Genetically-Modified Food More Prevalent than Ever
CENTRALIA - Despite the march against Monsanto movement that calls for limits on genetically-modified food grown in the U.S., several staple crops are at all-time highs of genetic modification in the United States.
A 2012 U. S. Department of Agriculture study found genetically-modified organism (GMO) soybeans represent 93 percent of all planted acres, GMO corn represents 88 percent and GMO cotton represents 94 percent.
Supporters of the practice say genetic modifications make crops resistant to natural pests and herbicides.
These GMO crops are making their way to the supermarket. Clovers is a natural food store in Columbia. Manager Sean Foley said there are drawbacks to GMO food.
"One of the main dangers, I think, would be the unknown consequences of manipulation of such a fundamental level in our food system," Foley said.
Foley also said there have been studies showing GMO food to be carcinogenic. A French study conducted by biologist Gilles-Eric Seralini found that GMO food caused tumors in rats. However, the study has never been duplicated, and other studies have found GMO foods to be safe.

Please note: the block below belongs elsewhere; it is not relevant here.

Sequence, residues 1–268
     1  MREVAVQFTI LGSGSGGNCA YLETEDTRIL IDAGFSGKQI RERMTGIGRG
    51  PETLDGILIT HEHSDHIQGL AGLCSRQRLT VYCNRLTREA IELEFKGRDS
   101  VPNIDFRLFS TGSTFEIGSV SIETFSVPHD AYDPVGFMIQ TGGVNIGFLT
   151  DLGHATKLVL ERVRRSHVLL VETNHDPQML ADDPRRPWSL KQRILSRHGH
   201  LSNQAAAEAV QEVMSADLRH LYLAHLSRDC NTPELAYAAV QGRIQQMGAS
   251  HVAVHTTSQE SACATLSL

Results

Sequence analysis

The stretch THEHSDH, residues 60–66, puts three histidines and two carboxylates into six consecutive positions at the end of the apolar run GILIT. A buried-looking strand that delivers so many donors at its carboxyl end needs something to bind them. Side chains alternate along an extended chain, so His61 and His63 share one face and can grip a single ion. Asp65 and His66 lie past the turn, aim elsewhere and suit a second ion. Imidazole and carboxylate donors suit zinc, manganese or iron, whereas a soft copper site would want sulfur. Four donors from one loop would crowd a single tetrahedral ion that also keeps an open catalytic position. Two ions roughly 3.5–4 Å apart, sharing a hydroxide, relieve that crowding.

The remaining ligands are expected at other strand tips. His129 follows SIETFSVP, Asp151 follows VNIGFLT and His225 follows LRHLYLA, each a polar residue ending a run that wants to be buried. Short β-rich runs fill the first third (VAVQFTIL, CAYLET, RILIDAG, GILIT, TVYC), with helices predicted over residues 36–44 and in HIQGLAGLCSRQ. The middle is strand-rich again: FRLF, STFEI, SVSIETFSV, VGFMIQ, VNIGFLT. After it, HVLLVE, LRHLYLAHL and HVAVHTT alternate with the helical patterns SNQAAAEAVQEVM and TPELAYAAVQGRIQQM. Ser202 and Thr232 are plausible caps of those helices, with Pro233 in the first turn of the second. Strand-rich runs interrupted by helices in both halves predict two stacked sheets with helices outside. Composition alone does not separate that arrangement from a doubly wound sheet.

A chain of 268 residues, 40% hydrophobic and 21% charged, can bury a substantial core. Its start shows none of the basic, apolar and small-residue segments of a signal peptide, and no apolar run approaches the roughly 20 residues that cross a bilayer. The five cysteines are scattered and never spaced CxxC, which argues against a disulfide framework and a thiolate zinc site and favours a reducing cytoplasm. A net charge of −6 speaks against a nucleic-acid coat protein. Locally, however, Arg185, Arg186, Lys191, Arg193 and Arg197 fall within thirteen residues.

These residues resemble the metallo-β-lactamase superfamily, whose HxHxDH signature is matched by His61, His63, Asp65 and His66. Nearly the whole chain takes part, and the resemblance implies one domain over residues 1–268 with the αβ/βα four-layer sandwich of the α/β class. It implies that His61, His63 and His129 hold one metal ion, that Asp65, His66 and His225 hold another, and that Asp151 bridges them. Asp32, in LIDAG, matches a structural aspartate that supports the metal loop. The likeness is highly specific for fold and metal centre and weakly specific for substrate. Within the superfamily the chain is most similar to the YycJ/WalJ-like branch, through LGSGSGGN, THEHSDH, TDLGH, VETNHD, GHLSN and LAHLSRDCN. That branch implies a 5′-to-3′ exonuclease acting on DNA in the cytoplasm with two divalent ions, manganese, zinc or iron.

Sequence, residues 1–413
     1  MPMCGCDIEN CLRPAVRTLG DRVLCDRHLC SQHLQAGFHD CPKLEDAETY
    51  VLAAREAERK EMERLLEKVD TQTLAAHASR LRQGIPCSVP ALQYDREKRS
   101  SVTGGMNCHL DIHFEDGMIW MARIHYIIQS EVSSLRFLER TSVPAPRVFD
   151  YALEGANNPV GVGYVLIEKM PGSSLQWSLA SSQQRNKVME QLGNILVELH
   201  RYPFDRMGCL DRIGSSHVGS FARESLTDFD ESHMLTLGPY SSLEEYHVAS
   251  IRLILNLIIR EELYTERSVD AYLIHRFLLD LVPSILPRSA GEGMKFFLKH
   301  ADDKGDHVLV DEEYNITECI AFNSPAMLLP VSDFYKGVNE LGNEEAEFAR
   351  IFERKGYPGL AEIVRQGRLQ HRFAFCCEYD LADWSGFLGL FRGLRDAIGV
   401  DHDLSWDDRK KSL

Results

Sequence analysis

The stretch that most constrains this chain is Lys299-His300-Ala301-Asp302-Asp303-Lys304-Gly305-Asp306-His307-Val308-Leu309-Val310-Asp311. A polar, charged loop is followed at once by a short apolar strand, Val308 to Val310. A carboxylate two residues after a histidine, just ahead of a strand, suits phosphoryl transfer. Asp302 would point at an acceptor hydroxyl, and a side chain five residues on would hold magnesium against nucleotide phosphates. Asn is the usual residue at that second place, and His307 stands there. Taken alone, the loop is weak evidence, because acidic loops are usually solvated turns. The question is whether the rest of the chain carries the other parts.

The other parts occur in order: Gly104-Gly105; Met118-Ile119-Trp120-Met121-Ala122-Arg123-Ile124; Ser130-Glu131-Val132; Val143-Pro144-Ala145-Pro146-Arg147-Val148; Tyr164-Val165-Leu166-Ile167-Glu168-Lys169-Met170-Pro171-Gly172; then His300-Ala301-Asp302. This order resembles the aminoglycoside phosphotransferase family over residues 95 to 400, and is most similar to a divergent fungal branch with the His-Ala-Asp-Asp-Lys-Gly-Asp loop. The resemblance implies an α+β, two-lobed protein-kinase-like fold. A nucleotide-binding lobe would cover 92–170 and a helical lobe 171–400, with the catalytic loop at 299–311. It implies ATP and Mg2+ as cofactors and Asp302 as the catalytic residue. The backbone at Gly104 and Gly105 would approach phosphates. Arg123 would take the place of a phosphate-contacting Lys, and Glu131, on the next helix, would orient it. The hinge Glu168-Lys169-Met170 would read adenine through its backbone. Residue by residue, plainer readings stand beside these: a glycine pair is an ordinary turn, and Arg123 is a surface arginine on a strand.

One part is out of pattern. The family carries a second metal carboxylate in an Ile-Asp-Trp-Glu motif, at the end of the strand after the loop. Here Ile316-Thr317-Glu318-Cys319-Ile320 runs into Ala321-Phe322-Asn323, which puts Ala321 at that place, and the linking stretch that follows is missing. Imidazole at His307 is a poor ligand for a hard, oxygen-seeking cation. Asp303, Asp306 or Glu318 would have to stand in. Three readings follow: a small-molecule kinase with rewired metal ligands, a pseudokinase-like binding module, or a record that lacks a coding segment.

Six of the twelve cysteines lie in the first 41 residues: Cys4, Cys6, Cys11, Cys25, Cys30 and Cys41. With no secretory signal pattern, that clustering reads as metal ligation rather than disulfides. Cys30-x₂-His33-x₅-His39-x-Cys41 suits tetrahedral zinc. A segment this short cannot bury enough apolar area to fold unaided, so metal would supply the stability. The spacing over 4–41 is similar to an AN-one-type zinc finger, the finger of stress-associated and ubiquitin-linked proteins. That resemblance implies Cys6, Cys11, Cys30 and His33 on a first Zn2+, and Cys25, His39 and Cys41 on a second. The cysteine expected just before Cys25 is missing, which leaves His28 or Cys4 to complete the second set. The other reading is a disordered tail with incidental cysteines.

Clovers employees said even they sell some GMO products. They said if a product is not labeled specifically as non-GMO or USDA organic, there is about an 80 percent chance that product contains genetically-modified food.
Centralia farmer Brian Martin uses GMO seeds and said they are perfectly safe. Martin said non-GMO seeds use technology from 15 years ago, and a switch to conventional seeds could result in a 30 percent reduction in yield.
"Go back to the economics," Martin said. "It's no longer practical to use a horse-drawn farming equipment in that fashion."
Martin said if U.S. farmers used non-GMO seeds, the public would starve. A 2012 USDA study found the average U.S. farmer feeds 155 people annually.
Martin also said GMO seeds increase the supply of crops, so they reach the consumer at a lower price.
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